Why do I have to carry an SR-22?
California may require a driver to obtain an SR-22.
Some of the reasons California may require an SR-22 certificate of financial responsibility include, but aren’t limited to, the following:
- Failure to carry liability insurance on your vehicle
- Conviction for driving without insurance
- Driving uninsured and being involved in a motor vehicle accident
- DUI, DWI or other major alcohol offense convictions
- Serious moving violation (such as reckless driving) convictions
- Accumulating too many DMV points
- Being termed a habitual traffic offender
- Needing to apply for a hardship or probationary permit (while license is suspended)
- Reinstating your license after a suspension or revocation
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How do I get an SR-22 Certificate?
If you need an SR-22, you can only get it from an insurance company. The purpose of the certificate is to show that you’ve obtained and will maintain certain insurance coverage. There is no other way to get the SR-22; you can’t get the form without buying an auto insurance policy.
To obtain an SR-22, you must go through an auto insurance company that offers the filing (not all do) and buy a policy with at least the minimum limits that the state notified to carry. Once you have the certificate filed, you’ll need to maintain the related insurance coverage for the state-mandated period. The time period varies, but most commonly, it’s for three years.
The certificate must be filed with the state as a certificate of financial responsibility to verify that you have the mandated insurance coverage and limits. Your insurance company sends you a copy of the certificate to keep as proof. However, most states have it stored electronically in their records so that law enforcement or the Department of Motor Vehicles can look it up if needed.
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Are there different types of SR-22 forms?
There are three main types of SR-22 certificates and your insurance company can help you determine which one you need.
- Owner certificate: covers cars you own
- Owner-operator certificate: covers any car you drive, regardless of the owner
- Non-owner certificate: covers you when you do not own a car but are required to have an SR-22
What will happen if I do not carry SR-22 insurance?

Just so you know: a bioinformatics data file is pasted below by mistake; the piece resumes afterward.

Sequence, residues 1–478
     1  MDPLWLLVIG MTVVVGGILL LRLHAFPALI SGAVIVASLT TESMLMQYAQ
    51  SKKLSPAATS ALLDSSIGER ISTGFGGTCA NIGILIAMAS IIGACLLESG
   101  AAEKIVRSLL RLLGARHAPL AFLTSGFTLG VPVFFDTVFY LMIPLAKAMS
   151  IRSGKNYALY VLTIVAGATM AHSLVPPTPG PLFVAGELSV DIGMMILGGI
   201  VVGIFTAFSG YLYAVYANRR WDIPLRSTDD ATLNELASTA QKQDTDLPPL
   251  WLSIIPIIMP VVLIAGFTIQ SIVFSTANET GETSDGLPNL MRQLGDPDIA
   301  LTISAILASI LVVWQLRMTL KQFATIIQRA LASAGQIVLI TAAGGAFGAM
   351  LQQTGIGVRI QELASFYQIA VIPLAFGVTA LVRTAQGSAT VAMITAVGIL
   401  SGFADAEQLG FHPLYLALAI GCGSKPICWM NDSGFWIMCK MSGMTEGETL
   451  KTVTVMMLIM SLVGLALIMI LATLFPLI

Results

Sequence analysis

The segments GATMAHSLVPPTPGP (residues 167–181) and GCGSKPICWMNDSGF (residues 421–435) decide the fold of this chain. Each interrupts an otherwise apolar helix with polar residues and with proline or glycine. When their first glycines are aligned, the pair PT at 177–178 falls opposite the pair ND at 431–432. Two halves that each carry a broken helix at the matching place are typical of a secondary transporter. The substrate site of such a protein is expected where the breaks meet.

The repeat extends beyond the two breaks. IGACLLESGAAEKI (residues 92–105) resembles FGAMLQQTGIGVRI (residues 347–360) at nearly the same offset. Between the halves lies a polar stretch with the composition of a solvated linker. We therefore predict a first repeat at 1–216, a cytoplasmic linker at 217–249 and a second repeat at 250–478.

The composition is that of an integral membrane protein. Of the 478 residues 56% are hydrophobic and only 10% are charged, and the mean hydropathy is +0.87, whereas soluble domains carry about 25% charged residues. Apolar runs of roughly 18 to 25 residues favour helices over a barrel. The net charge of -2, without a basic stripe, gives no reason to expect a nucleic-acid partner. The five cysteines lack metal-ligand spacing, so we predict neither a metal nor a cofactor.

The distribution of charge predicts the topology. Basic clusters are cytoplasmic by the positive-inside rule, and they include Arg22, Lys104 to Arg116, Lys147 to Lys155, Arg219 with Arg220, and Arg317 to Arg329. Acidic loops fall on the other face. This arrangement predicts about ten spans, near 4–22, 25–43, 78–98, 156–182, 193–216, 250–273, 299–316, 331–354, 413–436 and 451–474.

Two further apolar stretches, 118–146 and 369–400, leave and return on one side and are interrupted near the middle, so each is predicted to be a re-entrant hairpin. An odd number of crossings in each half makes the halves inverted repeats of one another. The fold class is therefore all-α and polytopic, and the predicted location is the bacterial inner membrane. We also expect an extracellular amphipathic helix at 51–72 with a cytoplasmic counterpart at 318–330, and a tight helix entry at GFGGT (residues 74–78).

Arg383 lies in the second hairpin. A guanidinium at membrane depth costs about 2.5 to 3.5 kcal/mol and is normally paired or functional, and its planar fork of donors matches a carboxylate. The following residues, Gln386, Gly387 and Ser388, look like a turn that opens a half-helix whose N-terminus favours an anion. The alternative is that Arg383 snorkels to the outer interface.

If you do not carry the required insurance coverage for an SR-22, the insurance company is required to notify the state Department of Motor Vehicles.
The motor vehicle department will suspend or revoke your license which will remove your driving privileges and you may be required to pay fines or penalties depending on your state.
If you made a mistake and failed to pay your insurance renewal on time and your policy lapses, contact your insurance agent immediately to resolve the issue.
Yes, you must tell your current insurance company about the need for the form so that it can file it for you. Even if you already have coverage that meets or exceeds state-mandated coverage, the state can still require you to file an SR22.
This allows the state to make certain you will maintain your car insurance coverage for the specified time period.
You can’t skip telling your insurance company about the need for an SR22, keep your current insurance coverage in place and then buy a separate one for an SR22. That type of duplicate car insurance coverage isn’t allowed.
If your present insurer doesn’t file SR-22s, you need to cancel your current policy and purchase a car insurance policy with an insurance company that will file the form for you.
You need to purchase insurance coverage that the state mandates. This requirement varies by state. It may be your state’s minimum liability coverage or higher liability coverage (especially if you need an FR-44 instead of an SR-22).
The car insurance coverage purchased that is associated with the SR-22 form will be rated according to all the factors that normally go into rating a policy, regardless of the SR-22 form filing. The rates don’t depend on whether you are getting an SR-22.
Your driving record is a rating factor in auto insurance costs. The reason that you’re required to acquire and maintain the SR-22, such as reinstating your license after a DUI suspension, may affect your rates; however, the SR-22 form itself doesn’t beyond the filing fee.
If your license was suspended due to a DUI or too many points, it will increase your liability insurance rates.
If you carry an SR-22 in one state but move to another state, you must fulfill the SR-22 requirement for your former state, even though you no longer reside there. To do this, you usually need an insurance carrier authorized to do business and file SR-22s in both states.
Your car insurance policy in your new state must have coverage and limits that at least meet the SR-22 minimums required by your former state. If the new state’s requirements are higher, you will need those even higher limits on your policy.
If you’re moving to a state that doesn’t require SR-22s, you will need to discuss with the state requiring the SR-22 what you will need to do to comply with its SR-22 mandate.